Draft law to monitor artificial fertilization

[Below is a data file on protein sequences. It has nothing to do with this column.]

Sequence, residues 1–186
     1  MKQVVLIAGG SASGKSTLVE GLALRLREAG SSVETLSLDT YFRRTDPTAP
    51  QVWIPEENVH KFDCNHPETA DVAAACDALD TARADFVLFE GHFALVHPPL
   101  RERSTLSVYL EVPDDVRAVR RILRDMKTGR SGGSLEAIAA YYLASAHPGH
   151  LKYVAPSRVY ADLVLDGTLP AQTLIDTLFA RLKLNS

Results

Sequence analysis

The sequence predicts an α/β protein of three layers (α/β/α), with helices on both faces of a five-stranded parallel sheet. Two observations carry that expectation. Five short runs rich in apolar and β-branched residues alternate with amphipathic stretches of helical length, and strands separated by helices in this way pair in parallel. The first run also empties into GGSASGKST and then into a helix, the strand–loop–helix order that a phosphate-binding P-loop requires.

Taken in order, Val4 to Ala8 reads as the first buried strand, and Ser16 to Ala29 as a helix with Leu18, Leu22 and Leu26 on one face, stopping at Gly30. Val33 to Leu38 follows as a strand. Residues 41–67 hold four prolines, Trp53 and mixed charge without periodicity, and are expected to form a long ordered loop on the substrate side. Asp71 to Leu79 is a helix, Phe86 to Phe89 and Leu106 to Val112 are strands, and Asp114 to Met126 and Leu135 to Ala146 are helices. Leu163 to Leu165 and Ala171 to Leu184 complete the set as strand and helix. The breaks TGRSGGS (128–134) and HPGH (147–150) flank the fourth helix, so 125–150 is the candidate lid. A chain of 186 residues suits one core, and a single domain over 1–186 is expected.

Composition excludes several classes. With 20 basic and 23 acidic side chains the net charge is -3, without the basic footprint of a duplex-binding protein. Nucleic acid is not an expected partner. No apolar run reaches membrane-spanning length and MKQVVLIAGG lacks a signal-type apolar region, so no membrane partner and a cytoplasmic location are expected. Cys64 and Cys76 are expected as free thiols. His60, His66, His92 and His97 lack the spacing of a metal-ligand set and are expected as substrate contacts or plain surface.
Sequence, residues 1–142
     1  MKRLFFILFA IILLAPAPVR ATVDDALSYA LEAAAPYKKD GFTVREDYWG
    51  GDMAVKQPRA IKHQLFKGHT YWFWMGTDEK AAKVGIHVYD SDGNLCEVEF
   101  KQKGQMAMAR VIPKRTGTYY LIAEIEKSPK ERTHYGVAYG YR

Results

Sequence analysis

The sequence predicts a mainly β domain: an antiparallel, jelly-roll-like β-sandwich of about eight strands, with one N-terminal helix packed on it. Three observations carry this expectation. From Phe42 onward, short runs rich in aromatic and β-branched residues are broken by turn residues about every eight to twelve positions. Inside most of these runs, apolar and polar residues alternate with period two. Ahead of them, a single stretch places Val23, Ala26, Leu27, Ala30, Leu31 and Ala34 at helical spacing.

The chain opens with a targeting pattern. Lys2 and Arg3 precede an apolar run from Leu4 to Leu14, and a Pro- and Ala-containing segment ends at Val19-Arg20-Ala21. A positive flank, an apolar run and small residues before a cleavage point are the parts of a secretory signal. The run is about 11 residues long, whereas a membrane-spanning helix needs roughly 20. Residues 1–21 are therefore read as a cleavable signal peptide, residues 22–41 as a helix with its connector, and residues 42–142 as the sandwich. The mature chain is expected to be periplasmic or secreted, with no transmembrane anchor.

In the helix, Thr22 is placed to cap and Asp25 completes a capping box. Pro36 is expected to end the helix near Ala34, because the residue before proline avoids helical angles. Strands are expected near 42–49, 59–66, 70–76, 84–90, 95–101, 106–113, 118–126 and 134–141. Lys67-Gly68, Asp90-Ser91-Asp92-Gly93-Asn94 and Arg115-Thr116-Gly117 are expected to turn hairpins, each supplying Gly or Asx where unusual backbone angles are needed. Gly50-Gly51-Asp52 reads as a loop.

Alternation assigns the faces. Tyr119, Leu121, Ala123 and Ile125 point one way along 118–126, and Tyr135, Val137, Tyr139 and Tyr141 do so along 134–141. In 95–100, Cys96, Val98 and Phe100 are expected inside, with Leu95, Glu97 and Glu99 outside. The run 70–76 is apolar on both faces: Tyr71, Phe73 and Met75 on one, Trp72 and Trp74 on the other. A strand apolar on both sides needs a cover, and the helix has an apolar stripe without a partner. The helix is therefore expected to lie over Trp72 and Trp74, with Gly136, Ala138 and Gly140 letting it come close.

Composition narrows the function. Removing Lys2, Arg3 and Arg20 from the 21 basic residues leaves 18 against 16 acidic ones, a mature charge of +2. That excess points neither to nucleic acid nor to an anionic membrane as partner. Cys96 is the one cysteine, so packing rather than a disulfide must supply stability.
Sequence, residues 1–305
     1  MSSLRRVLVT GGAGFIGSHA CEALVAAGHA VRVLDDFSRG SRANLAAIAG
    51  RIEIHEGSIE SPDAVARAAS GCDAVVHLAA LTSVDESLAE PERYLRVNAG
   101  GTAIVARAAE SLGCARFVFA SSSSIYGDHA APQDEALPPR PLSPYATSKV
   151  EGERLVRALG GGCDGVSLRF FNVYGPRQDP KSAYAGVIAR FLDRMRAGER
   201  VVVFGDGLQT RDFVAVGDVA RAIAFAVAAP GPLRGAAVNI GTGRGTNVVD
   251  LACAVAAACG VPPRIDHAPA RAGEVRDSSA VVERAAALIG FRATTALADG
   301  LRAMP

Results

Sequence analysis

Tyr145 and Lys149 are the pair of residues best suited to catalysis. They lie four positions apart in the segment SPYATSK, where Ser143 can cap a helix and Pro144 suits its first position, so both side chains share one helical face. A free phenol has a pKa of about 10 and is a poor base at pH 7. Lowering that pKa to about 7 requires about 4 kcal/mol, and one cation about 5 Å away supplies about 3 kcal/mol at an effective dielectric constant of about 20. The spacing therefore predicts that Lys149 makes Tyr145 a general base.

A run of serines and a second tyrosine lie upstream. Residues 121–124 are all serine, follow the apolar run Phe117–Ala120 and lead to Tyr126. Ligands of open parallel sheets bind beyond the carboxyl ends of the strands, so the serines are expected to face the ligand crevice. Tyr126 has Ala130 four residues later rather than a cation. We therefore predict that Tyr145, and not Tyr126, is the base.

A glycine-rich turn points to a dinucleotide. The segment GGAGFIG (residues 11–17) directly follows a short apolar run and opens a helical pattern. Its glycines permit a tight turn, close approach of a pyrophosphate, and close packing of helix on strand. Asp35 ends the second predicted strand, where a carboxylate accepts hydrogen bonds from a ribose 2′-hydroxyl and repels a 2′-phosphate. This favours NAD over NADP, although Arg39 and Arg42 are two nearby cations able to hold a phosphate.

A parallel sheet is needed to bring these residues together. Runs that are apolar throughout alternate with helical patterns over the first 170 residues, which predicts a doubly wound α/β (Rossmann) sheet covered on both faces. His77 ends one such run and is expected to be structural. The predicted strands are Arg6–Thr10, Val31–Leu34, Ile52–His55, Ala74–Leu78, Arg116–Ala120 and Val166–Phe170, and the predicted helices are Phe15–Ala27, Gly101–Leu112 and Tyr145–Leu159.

A new draft bill, made public on Monday by the Health Ministry and titled «Implementation of the Methods of Medically Assisted Reproduction (MAR)» proposes strict rules and conditions in the area of artificial fertilization. The draft bill covers gaps in Justice Ministry legislation regarding the establishment, operation and inspections of artificial fertilization clinics while also addressing the issue of tapping insurance funds to cover the costs of artificial fertilization. The cost of in vitro fertilization comes to 1,000-1,200 euros for medicines and between 1,500 and 3,000 euros for clinic procedures. Currently, funds only cover the cost of the medicines, with only certain funds – the Social Security Foundation (IKA) and civil servants’ funds – offering a 350-euro bonus to go toward clinic costs. Under new legislation, all funds would cover the full cost of in vitro fertilization. A total of 15 percent of couples (of reproductive age) suffer from infertility, with an estimated 200,000 couples affected in Greece. The draft bill fleshes out and supplements legislation banning cloning for the purposes of reproduction and choosing the sex of one’s child. Specifically, the draft bill stipulates that: – MAR methods can only be practiced upon adults. In exceptional circumstances, the genetic material of minors stricken with serious illnesses can be preserved. – The methods are to be implemented in special MAR units which are to operate, subject to strict conditions (staffing, equipment, etc.), in state hospitals, private clinics or other private bodies. The operating licenses of the units are subject to review every three years. – The number of fertilized ova that can be transferred into the potential mother per in vitro fertilization cycle must be limited in order to avoid multiple births. Women aged up to 37 can receive up to two fertilized ova, women aged 37-40 can receive up to three and women aged over 40 can receive up to four. – Genetic material and fertilized ova are made available following the donor’s written approval. Male donors should be over 40 and women over 35. – Genetic material will be stored in gene banks at extremely low temperatures, again subject to the written approval of donors. – Research on genetic material that is not destined to be used for reproductive purposes, for example, the study of embryonic blastocytes, will be permitted. Again, the research can only be conducted following written approval from the donor. The storage of fertilized ova outside the human body 14 days after fertilization is forbidden. – A National Authority for Medically Assisted Reproduction is to be established; it will monitor the implementation of legislation, the operation of special MAR units and gene banks, maintain an archive with the confidential medical details of donors, and keep the public informed. – A presidential decree is to be issued to determine the conditions and prerequisites for insurance organizations to cover the costs of implementing MAR techniques. Vassilis Tarlatzis, assistant professor of obstetrics-gynecology at Thessaloniki’s Aristotle University, told Kathimerini that «the draft law covers gaps in legislation in our country regarding the granting of licenses and artificial fertilization clinics’ method of operation.» «An estimated 50 specialist clinics are operating in Greece, most of which are private. This draft bill foresees the monitoring of these clinics and he imposition of fines on violators,» he added. The draft law foresees jail sentences of up to 15 years for those caught practicing reproductive cloning, creating hybrids and determining the sex of a child for non-medical reasons. Those caught buying or selling genetic material and fertilized ova face a 10-year jail sentence.